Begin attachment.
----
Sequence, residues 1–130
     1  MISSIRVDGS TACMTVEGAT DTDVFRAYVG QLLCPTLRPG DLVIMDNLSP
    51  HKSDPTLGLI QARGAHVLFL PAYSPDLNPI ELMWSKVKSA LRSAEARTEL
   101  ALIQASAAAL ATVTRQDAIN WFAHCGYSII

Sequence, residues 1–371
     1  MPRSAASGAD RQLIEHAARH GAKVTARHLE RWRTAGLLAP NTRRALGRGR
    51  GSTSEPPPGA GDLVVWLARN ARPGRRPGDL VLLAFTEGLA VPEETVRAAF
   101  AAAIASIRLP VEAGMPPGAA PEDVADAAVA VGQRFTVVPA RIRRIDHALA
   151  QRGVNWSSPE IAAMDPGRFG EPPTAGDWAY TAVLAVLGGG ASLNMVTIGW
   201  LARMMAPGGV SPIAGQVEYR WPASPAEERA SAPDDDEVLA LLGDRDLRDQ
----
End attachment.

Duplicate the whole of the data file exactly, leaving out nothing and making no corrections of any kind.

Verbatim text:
Sequence, residues 1–130
     1  MISSIRVDGS TACMTVEGAT DTDVFRAYVG QLLCPTLRPG DLVIMDNLSP
    51  HKSDPTLGLI QARGAHVLFL PAYSPDLNPI ELMWSKVKSA LRSAEARTEL
   101  ALIQASAAAL ATVTRQDAIN WFAHCGYSII

Sequence, residues 1–371
     1  MPRSAASGAD RQLIEHAARH GAKVTARHLE RWRTAGLLAP NTRRALGRGR
    51  GSTSEPPPGA GDLVVWLARN ARPGRRPGDL VLLAFTEGLA VPEETVRAAF
   101  AAAIASIRLP VEAGMPPGAA PEDVADAAVA VGQRFTVVPA RIRRIDHALA
   151  QRGVNWSSPE IAAMDPGRFG EPPTAGDWAY TAVLAVLGGG ASLNMVTIGW
   201  LARMMAPGGV SPIAGQVEYR WPASPAEERA SAPDDDEVLA LLGDRDLRDQ